2. The second question and hypothesis focused on possible predictors influencing the HRQoL dimensions. The second research question was whether age, gender, income, discrimination and social support significantly influence the HRQoL (with respect to the Sf‐36 dimensions) of elderly Turkish and Polish migrants and German natives and if so, what kind of impact they have (positive or negative). This was tested using multiple regression analysis, where the Sf‐36 dimensions were the dependent and the five predictors were the independent variables. The hypotheses were as follows: (1) age and gender significantly influence HRQoL; (2) a low income level decreases HRQoL (the lower the income level, the poorer the HRQoL); (3) perceived discrimination decreases HRQoL (the greater the perceived discrimination, the poorer the HRQoL); and (4) social support increases HRQoL (the more social support received, the better the HRQoL).

5. Materials and methods

Approval for the study was granted by the University of Applied Sciences Hamburg (HAW) and by the ethics committee of the University of the West of Scotland (UWS).

5.1. Study participants

A cross‐sectional study design, which included interviews with 304 persons (100 with Turkish, 103 with Polish and 101 with German participants) was used to answer the research questions. The interviews were conducted in the appropriate native languages (interviewers with German and Polish or Turkish language skills) in the period from February 2011 to August 2011 (Turkish participants) and in the period from October 2011 to June 2012 (Polish and German participants).

The participants in this study had to meet certain criteria for inclusion: two of the three groups (Turkish and Polish) had to have first‐hand migration experience. The participants had to be at least 60‐year old. The participants had to live in selected districts of Hamburg (named Wilhelmsburg, Billstedt, Altona‐Nord, Altona‐Altstadt and Harburg), because the proportion of migrants is particularly high in these districts. In the case of German participants, the surveys also took place in these districts to ensure greater comparability. The participants did not live in nursing or senior homes and did not require professional nursing care, because having professional support in daily life may result in a different health status and therefore a different HRQoL.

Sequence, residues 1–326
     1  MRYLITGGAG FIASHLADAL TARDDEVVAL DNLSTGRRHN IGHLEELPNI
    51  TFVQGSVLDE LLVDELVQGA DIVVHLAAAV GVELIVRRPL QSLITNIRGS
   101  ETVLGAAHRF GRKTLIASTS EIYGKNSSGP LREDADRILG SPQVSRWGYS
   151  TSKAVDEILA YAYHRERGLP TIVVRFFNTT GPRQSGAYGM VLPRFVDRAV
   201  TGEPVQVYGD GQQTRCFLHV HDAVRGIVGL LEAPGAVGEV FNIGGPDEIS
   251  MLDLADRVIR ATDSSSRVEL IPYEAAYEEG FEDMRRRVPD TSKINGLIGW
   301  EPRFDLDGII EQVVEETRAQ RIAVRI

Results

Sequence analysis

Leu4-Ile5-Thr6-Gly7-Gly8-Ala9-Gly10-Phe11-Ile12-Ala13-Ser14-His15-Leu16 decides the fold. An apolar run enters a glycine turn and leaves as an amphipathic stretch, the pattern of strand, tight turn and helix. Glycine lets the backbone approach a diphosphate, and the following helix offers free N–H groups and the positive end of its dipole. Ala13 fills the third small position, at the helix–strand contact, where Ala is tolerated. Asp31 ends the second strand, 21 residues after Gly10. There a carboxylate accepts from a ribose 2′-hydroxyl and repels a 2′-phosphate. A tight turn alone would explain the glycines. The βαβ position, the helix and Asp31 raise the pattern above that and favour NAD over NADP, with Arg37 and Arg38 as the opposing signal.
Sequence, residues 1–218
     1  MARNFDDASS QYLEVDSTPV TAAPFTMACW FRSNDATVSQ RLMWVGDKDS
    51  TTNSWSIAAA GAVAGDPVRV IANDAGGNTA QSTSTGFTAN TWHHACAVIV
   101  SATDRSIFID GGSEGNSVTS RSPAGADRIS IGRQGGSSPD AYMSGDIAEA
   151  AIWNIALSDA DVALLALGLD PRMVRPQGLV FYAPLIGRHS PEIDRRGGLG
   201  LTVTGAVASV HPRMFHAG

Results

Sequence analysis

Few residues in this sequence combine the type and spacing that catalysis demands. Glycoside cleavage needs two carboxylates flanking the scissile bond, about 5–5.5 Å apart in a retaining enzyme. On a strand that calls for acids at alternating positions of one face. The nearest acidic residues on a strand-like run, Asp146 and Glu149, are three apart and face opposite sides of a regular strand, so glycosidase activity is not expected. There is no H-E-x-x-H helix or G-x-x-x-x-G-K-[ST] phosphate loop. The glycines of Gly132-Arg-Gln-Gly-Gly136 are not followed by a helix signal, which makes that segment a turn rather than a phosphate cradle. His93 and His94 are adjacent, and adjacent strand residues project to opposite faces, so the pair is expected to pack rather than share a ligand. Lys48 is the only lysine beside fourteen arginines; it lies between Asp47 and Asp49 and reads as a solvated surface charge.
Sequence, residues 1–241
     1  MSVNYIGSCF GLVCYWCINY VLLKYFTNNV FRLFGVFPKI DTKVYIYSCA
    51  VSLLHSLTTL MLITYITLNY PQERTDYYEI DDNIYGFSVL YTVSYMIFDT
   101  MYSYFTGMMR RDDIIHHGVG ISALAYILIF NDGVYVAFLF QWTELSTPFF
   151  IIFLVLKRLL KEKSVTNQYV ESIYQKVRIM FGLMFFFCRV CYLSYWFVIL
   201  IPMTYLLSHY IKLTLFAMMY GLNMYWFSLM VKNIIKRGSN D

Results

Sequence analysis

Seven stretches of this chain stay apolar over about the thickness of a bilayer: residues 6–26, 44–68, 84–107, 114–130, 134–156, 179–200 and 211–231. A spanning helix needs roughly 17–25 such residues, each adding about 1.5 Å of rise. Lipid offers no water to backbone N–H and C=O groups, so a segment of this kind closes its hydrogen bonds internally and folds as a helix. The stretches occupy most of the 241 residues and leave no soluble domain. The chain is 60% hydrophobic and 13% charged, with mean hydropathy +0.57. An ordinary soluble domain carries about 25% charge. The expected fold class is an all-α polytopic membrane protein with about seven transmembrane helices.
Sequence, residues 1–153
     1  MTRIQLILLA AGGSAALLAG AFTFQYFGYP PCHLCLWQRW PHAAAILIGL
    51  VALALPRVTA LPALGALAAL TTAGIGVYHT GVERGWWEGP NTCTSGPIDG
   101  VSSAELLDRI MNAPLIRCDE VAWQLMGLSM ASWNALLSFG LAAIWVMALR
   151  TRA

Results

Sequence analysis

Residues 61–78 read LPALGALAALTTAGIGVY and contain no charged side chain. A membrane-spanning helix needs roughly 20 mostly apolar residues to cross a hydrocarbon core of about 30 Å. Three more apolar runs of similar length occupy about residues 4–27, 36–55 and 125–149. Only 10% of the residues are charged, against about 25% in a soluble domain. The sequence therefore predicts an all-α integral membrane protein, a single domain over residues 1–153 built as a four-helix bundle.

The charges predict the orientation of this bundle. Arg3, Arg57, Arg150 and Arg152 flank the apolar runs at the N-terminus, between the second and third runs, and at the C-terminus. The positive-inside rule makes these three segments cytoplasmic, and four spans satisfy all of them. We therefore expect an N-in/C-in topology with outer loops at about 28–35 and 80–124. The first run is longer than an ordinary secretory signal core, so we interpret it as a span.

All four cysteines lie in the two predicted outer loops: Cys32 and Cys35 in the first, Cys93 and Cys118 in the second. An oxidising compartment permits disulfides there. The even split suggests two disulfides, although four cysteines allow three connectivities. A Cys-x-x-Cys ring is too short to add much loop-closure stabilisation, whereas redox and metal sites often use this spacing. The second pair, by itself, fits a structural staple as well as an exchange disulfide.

5.2. Recruitment of participants

The recruitment of participants included promotion in a brochure and on a website, but these proved ineffective. The most effective recruitment method was to request participation directly, face‐to‐face. Turkish participants were located in Turkish facilities, in mosques, in Turkish cafés and on the street, where they spend their leisure time. Polish migrants were recruited in two Catholic churches, in cultural facilities, in cafés, in Polish grocery stores and on the street. German participants were found in cafés, in grocery stores and on the street. In addition, participants were recruited using the snowball method (family members or friends of the interviewers and family members or friends of the participants). Table 1 gives an overview of the recruitment process for Turkish migrants, Polish migrants and German natives.

Recruitment placeTurkish migrantsPolish migrantsGerman natives
n = 100n = 103n = 101
Relatives, acquaintances49215
On the street24063
Intercultural institution, meeting place71010
Store, bakery, Café, market2417
Religious community400

Table 1.

Overview of recruitment process for each group.

Absolute numbers of participants.

5.3. Data collection

The Turkish study interviews were undertaken in different locations, at a friend's house or in the participants’ homes. The Polish interviews mostly took place in the parish hall, in cultural facilities or at the participants’ houses. The German participants were mostly interviewed on the street or in various public locations (e.g. bakery, café). To ensure that migrants with poor German language skills could adequately reply to the questions, all participants were given the opportunity to answer in their native language (Turkish, Polish or German). Table 2 gives an overview of the locations where the interviews were carried out.